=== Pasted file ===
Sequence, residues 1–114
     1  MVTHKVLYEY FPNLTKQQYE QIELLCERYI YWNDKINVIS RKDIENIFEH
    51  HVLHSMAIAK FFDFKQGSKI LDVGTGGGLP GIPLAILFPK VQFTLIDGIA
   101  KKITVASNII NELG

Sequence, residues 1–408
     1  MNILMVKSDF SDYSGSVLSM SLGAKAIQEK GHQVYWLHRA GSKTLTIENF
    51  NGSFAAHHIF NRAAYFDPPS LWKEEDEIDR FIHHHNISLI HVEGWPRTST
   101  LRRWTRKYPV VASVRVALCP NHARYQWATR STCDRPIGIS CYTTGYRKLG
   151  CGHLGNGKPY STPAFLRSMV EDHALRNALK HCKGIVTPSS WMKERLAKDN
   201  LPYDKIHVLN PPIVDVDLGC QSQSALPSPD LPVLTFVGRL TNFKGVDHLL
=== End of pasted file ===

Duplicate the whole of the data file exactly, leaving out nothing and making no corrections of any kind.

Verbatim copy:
Sequence, residues 1–114
     1  MVTHKVLYEY FPNLTKQQYE QIELLCERYI YWNDKINVIS RKDIENIFEH
    51  HVLHSMAIAK FFDFKQGSKI LDVGTGGGLP GIPLAILFPK VQFTLIDGIA
   101  KKITVASNII NELG

Sequence, residues 1–408
     1  MNILMVKSDF SDYSGSVLSM SLGAKAIQEK GHQVYWLHRA GSKTLTIENF
    51  NGSFAAHHIF NRAAYFDPPS LWKEEDEIDR FIHHHNISLI HVEGWPRTST
   101  LRRWTRKYPV VASVRVALCP NHARYQWATR STCDRPIGIS CYTTGYRKLG
   151  CGHLGNGKPY STPAFLRSMV EDHALRNALK HCKGIVTPSS WMKERLAKDN
   201  LPYDKIHVLN PPIVDVDLGC QSQSALPSPD LPVLTFVGRL TNFKGVDHLL